Regulation Roundtable
What's Happening With Biosolids & Residuals in the States & Provinces

Prince Edward Island, Vermont, and New Hampshire environmental agencies sent representatives to The Northeast Residuals & Biosolids Conference for the biennial Northeast "Regulation Roundtable." "We thank these agencies and individuals for showing up and communicating with biosolids managers and others in the regulated community," said Ned Beecher of NEBRA. "Regular interactions ensure ongoing mutual understanding and respect in dealing with biosolids and organic residuals in this region."

This year, the conference Roundtable was ably moderated by Ben Smith, the new Residuals Workgroup coordinator for NEIWPCC.  Here's what we learned:

Prince Edward Island:  Morley Foy of the environment ministry based in Charlottetown made the long trip to the Northeast Conference.  At the Roundtable, he explained the management of biosolids in PEI:  the largest generators are Charlottetown and Summerside, both of which produce advanced alkaline stabilized materials. Another large-scale organics processor is Cavendish Farms, a potato processor that has been setting an example in anaerobic digestion of organics since 2009. Foy said that one of his current projects is focused on understanding testing, management, and potential impacts of total petroleum hydrocarbons (TPH) in various organic residuals, including biosolids.  Other maritime provinces were not represented; their biosolids management programs continue steadily; with composting and land application of alkaline-treated solids common in New Brunswick and Nova Scotia, respectively.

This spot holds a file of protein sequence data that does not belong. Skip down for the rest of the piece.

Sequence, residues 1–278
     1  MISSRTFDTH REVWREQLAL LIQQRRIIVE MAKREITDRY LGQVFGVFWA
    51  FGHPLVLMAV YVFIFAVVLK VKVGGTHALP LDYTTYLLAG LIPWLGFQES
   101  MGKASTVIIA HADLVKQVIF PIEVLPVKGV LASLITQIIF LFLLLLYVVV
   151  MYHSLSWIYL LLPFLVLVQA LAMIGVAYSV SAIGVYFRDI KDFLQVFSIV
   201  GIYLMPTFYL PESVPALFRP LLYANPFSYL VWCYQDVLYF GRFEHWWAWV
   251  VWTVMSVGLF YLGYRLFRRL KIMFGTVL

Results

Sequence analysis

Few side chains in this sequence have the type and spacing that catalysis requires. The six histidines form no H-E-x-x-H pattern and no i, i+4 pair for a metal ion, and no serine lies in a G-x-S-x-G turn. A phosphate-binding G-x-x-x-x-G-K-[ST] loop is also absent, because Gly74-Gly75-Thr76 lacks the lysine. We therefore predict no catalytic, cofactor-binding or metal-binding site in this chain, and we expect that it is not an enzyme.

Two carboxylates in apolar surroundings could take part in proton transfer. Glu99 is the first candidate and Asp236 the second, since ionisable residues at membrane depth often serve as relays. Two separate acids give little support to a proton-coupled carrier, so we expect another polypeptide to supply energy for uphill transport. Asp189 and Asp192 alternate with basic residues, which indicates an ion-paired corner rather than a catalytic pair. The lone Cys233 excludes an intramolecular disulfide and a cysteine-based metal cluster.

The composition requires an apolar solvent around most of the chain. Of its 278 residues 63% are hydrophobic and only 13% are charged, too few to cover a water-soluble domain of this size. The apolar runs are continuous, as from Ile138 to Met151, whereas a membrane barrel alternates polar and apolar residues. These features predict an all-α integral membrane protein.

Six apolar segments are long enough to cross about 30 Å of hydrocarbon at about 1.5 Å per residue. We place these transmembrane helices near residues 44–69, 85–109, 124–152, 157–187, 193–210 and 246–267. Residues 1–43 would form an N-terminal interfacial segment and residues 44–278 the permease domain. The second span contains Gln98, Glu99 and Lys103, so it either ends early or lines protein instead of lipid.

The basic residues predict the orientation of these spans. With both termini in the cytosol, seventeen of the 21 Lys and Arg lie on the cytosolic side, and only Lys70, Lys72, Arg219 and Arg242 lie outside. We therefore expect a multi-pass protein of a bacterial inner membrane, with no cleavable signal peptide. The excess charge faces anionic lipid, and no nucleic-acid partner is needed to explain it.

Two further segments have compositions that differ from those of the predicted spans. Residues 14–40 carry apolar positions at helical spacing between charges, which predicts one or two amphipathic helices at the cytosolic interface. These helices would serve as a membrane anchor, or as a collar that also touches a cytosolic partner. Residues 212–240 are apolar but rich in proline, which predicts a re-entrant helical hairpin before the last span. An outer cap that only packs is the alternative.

Quebec:  Marc Hébert, of the Quebec environment ministry, who attended last year's Northeast Conference, sent his greetings this year and noted that the recycling of biosolids and other organic residuals in La Belle Province continues to increase slowly.  In 2015, 1.5 million tons of residuals were recycled through composting or direct land application, which is a high rate compared to other recyclables (e.g. cans, bottles). 25% of paper mill residuals are recycled to soils, as are 42% of municipal biosolids and 97% of agricultural wastes.  Residuals are used on 4.3% of Quebec's cultivated soils; in comparison, 65% of them receive fertilizers and 50% receive manures.  The 2015 report stresses the value of recycled organics in combating greenhouse gas emissions, a core focus for the Province and all of Canada under new Prime Minister Justin Trudeau.